The Ott family of Parkin purchased the
Northern Ohio School from the Kelly family in
1959. The Kellys had been using the school
for a hay barn. The Ott family transformed
the old "barn" into a home by portioning
rooms and designing a living . . . — — Map (db m221318) HM
Step into the school gently. It's filled with history
and memories … maybe some from your school days.
As you enter the school you will see the
classroom as it was on any given school day
between 1936 and 1948. The school was . . . — — Map (db m221320) HM
Much of what is known about the Northern
Ohio School came from first-hand accounts
known as oral histories. People interviewed
were former students, teachers, children of
the sawmill owners and workers, persons who
lived in Sawdust Hill, or . . . — — Map (db m221319) HM
The legacy of the Mississippian culture lives forever through the Three Sisters Garden, like the one you see planted here.
The American Indians who lived here over 500 years ago were expert farmers whose most important crops were corn, beans, . . . — — Map (db m116605) HM
As northern timberlands were depleted,
timber buyers looked to the dense forests in
the south. In March 1902, S.W. Sterling, a
timber buyer for a firm in Grafton, Ohio,
was buying timber in Missouri when he
heard about the fine timber at . . . — — Map (db m221310) HM
Rural education in the Delta was no easy task
for students or teachers. There were many
obstacles to overcome, such as weather,
walking distances, and family responsibilities.
Plus, being an African-American school,
students and teachers were . . . — — Map (db m221316) HM
Daily lessons revolved around the "three R's:"
reading, writing and arithmetic. The Child's
World Reader, a basic math book, and a
speller were the textbooks used.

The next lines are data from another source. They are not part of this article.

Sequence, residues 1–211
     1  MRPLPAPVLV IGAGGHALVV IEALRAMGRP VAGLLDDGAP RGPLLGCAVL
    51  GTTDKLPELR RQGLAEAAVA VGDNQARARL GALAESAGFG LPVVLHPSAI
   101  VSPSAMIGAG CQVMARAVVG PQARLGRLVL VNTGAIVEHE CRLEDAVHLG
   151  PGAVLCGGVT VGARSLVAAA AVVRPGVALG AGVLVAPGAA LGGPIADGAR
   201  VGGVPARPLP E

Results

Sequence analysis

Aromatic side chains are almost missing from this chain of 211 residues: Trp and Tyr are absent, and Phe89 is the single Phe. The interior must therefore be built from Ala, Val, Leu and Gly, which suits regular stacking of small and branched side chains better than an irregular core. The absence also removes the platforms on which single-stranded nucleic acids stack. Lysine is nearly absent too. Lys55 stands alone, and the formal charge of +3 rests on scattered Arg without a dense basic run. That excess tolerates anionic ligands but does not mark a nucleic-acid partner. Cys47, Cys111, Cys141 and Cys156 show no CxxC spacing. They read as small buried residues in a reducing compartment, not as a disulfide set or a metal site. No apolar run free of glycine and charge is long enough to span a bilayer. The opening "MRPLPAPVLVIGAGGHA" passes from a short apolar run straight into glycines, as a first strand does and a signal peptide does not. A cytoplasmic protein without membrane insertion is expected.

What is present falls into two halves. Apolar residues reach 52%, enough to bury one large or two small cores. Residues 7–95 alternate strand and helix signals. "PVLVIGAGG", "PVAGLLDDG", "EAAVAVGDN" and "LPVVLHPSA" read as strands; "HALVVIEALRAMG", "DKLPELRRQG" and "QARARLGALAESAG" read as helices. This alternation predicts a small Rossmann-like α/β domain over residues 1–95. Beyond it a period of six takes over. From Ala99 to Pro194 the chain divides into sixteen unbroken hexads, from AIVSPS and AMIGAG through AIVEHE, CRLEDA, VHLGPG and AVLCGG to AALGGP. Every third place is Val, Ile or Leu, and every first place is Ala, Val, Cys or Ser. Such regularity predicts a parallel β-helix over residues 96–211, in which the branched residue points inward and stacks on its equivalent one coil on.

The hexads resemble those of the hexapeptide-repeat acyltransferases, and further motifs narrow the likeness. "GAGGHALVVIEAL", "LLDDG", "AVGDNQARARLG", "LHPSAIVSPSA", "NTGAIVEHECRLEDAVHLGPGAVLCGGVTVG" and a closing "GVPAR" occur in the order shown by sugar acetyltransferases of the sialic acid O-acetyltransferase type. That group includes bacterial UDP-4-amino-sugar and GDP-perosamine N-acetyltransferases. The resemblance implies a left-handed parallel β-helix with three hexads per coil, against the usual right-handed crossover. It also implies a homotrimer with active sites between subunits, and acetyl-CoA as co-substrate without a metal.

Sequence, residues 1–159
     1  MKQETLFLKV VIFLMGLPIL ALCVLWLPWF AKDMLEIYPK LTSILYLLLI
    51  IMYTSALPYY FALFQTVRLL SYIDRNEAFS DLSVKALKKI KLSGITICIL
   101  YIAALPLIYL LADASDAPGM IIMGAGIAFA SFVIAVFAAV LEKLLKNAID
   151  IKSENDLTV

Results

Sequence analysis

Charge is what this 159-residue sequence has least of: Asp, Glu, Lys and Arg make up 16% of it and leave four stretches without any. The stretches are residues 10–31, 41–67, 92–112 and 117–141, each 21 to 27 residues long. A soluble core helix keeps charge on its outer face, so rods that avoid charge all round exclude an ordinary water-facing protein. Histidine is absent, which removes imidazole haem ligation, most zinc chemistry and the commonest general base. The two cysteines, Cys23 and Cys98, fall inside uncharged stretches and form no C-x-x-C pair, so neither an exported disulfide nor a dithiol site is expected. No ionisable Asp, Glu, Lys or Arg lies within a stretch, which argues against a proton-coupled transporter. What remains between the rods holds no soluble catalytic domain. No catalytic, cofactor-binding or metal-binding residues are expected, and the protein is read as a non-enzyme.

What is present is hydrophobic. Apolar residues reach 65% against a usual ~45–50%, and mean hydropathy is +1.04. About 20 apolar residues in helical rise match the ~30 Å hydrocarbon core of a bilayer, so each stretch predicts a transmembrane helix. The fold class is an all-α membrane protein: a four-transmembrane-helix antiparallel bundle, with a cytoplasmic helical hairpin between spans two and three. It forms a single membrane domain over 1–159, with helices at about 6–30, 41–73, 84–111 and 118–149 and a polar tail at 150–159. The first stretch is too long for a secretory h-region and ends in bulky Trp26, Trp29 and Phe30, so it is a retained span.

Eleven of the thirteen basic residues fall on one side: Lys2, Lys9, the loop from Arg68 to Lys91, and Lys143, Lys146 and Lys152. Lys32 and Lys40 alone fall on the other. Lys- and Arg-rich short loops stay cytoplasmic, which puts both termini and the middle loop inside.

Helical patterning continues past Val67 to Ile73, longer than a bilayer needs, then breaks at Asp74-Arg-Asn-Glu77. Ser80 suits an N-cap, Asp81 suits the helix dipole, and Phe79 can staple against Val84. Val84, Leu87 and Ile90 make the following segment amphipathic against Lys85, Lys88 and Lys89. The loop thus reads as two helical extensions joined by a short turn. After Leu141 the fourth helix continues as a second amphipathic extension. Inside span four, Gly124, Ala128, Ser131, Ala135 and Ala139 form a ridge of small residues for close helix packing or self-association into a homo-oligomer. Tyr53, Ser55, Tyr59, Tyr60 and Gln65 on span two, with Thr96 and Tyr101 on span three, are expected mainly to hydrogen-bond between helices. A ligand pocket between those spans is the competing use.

Class was in session from 8AM through 3PM
except in September and . . . — — Map (db m221317) HM
Around 1900, there were about 16 one-room
schoolhouses in and around Parkin. Most
were on plantations for the education of the
sharecroppers' and farm workers' children.
The Northern Ohio School, built around 1910,
was no different. The school . . . — — Map (db m221314) HM
As the Northern Ohio Cooperage and Lumber
Company expanded, so did the need for housing and
services for its workers. Out of this came the Sawdust
Hill community. At its peak, over 60 structures,
including shotgun-style houses, a Baptist church, . . . — — Map (db m221309) HM
Arkansas experienced a number of economic
advances in the first quarter of the 20th
Century. Extensive railroad building in the
late 1800s set the stage for economic growth.
Although the Delta's popular economic image
is King Cotton, . . . — — Map (db m221313) HM
After Arkansas seceded from the Union in May 1861, Confederate officers began to recruit in the Wittsburg area. Companies B, D, F and K of the 5th Arkansas Infantry Regiment were organized at Wittsburg June 12-14, 1861. David Cross, for whom Cross . . . — — Map (db m116179) HM
The county was named for Col. David C. Cross. First seat of justice, Cleburne 1865. Moved to Wittsburg 1865 where it remained until 1884 when it was removed to Vanndale and later in 1903 the county seat was established at Wynne, where it has since . . . — — Map (db m158125) HM
Down the trail from where you are standing is the most well-preserved remaining section of the historic Trail of Tears in Arkansas.
Tradition and heritage run deep jn the collective souls of the Five Southeastern Tribes (Choctaw, Chickasaw, . . . — — Map (db m142034) HM